Supply chains are evolving. An effective mapping system should be built on agile technology that can scale to meet evolving global supply chains. For maximum flexibility, the solution should be accessible worldwide and cloud-based.
The truth may be hard to find. Accurate supply chain data is crucial for credibility. A system that incorporates third-party verifications and assessments can ensure data validity and integrity.
Transparency is a new concept. Your supply chain partners may need additional support to provide you with the information you seek. An effective solution will assist your suppliers and partners to begin using your chosen tool.
Step 4: Collect the Data
With the right tools in place, you can begin collaborating and sharing data with your supply chain network. Begin by determining who your suppliers are and get in touch with them. To encourage participation, it is helpful to:
Ensure brand sponsorship: Let your suppliers know what you are doing, and why. Keeping your suppliers informed encourages collaboration.
Provide options: Suppliers may want to protect some of their data. Provide your partners with several visibility options to encourage information sharing at any level.
Make it easy to share: Ensure your requests are clear and concise, and make the process as straightforward as possible.
Step 5: Analyze & Improve
Once you have successfully mapped one or more of your supply chains, it is time to analyze your data with a critical eye. Potential issues to consider include:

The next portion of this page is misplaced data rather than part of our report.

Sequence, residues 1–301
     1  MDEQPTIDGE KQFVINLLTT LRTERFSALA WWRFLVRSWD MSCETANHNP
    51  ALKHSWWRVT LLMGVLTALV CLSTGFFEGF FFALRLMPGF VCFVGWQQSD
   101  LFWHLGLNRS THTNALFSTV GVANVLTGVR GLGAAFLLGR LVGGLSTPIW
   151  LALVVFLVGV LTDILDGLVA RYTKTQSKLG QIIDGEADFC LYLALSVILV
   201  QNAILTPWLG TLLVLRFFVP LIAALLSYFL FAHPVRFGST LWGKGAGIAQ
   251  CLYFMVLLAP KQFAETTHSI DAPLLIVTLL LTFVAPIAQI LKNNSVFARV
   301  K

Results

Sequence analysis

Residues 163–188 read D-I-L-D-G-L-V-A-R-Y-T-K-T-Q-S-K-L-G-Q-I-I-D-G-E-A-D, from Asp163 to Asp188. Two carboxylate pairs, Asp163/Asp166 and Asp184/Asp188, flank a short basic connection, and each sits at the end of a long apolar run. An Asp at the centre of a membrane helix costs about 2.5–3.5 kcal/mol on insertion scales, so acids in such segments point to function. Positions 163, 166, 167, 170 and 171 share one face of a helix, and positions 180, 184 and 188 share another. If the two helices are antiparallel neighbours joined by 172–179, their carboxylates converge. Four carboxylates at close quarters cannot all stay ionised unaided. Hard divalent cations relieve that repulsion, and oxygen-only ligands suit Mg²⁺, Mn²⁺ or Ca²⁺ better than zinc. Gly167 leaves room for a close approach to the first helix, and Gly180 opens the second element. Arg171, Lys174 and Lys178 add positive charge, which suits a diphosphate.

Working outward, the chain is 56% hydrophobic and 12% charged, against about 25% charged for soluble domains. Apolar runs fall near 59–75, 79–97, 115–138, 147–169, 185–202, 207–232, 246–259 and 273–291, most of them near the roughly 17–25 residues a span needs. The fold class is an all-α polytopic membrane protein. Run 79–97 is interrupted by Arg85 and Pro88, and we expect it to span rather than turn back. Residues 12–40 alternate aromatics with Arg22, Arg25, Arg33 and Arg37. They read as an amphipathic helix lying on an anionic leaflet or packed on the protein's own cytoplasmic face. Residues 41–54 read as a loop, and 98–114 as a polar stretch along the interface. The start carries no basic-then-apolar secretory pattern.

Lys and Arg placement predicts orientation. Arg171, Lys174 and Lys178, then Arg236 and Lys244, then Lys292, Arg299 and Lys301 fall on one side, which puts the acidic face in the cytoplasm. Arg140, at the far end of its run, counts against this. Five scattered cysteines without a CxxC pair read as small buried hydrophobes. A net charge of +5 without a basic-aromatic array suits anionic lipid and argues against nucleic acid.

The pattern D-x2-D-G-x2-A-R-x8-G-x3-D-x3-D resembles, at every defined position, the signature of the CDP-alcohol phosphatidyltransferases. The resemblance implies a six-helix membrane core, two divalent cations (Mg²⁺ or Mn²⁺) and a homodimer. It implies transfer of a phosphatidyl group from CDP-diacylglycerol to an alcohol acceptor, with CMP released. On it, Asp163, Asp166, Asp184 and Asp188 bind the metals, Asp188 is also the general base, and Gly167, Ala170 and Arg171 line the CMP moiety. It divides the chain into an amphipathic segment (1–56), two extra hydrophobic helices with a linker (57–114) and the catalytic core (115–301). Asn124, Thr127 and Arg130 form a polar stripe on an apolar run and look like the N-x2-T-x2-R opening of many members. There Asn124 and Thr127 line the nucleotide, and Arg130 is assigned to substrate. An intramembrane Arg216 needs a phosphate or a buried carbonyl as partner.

Supplier compliance: Determine if your suppliers meet governmental regulations and brand requirements
Supply chain resilience: Determine if your business can withstand a supply chain disruption due to a natural disaster, trade regulation, or other issue.
CSR: Assess your level of exposure to modern slavery or evaluate your supply chain’s sustainability performance
Take advantage of this visibility by examining your supply chains with a critical eye. Your objectives can only be achieved through careful analysis and a willingness to make improvements.
Going a step further
Today, many brands and retailers are choosing to share the positive work they are doing with consumers to gain a competitive advantage and boost sales. By inviting consumers to learn more about a product and its journey, businesses can build a real connection with shoppers.
Technology is a key element for consumer communication. Mobile phones make it easier than ever to instantly share detailed product information, such as country of origin or quality certifications. On-pack labels and augmented reality are a popular way to convey rich data in a compact method. By engaging with consumers in an exciting and data-driven way, brands and retailers have the potential to transform the way we shop.
Worth the investment
There is no denying that transparent supply chains are an undertaking that require time, money, and resources. But as the market continues to trend towards radical product transparency, food businesses who invest in greater visibility will see long-term success. By committing to the process, companies can truly revolutionise the way they do business, drive sales, and transform the consumer goods industry of the future.
This blog was written and contributed by:
Director of Marketing